Eli Lilly begins world’s first study of potential COVID-19 antibody treatment in humans

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INDIANAPOLIS — Indianapolis company Eli Lilly has begun testing the world’s first potential COVID-19 antibody treatment in humans. 

The drug is derived from a blood sample taken from one of the first coronavirus survivors in the United States.

The placebo-controlled study of the antibody, called LY-CoV555, will assess its potential to treat patients hospitalized with the coronavirus. 

Phase 1 of the trial will determine whether the treatment is safe for humans. They expect to see results by the end of June.

Phase 2 of the trials will asses the effectiveness of the treatment.

The first patients in the study were dosed at major medical centers in the U.S., including NYU Grossman School of Medicine and Cedars-Sinai in Los Angeles.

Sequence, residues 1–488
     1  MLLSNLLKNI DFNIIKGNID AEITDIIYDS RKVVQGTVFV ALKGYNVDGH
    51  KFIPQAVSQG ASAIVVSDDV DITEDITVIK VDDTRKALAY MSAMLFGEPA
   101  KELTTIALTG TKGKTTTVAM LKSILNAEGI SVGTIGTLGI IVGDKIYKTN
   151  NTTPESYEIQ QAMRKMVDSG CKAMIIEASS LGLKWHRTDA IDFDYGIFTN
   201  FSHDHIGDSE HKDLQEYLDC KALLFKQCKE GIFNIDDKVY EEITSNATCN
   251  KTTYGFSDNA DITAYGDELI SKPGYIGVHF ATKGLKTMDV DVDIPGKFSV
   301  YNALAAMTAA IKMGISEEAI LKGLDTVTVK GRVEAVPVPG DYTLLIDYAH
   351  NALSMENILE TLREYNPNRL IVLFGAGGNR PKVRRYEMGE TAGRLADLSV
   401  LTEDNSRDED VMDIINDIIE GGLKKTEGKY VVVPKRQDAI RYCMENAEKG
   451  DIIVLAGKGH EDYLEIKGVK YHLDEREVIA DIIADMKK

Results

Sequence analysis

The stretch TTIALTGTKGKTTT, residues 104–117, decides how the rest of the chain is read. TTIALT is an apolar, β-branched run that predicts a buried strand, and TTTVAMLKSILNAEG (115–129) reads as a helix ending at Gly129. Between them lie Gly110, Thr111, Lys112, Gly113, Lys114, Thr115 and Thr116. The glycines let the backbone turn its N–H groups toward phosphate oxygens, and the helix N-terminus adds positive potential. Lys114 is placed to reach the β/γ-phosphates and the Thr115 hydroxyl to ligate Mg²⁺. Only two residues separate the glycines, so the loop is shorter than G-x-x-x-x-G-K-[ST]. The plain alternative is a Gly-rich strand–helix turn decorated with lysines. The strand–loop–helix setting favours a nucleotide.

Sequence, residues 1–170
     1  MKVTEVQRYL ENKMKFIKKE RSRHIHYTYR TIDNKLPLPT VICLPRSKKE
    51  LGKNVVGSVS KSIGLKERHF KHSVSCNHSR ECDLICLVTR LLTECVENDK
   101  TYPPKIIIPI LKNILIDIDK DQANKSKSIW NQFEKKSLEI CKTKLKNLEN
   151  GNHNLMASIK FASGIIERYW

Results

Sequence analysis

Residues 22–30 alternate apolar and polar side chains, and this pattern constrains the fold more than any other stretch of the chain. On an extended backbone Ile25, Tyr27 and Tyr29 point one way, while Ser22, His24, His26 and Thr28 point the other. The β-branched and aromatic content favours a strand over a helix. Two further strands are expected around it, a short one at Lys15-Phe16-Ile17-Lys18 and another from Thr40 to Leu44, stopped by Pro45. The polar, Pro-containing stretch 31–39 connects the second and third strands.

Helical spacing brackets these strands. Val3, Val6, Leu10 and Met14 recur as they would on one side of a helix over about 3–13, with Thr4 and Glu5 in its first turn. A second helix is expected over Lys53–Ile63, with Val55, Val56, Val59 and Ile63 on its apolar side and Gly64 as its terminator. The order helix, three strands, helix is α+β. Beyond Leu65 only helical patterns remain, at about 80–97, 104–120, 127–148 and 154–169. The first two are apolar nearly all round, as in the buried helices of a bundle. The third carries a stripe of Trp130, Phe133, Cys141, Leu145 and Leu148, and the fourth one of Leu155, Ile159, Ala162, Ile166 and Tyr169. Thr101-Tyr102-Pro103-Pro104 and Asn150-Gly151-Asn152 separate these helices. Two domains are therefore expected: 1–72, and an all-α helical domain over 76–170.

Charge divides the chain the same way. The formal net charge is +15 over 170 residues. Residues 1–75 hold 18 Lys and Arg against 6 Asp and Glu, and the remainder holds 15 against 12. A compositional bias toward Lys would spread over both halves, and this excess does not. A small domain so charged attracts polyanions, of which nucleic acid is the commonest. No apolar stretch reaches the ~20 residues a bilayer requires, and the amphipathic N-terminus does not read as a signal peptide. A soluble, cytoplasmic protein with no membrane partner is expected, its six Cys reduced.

We are grateful to collaborate with colleagues at AbCellera, NIAID, and the many academic institutions who have helped us reach this milestone in humanity’s fight against COVID-19 — a disease first characterized only six months ago. We are privileged to help usher in this new era of drug development with the first potential new medicine specifically designed to attack the virus. Antibody therapies such as LY-CoV555 may have potential for both prevention and treatment of COVID-19 and may be particularly important for groups hardest hit by the disease such as the elderly and those with compromised immune systems.

Daniel Skovronsky, M.D., Ph.D., Lilly’s chief scientific officer and president of Lilly Research Laboratories

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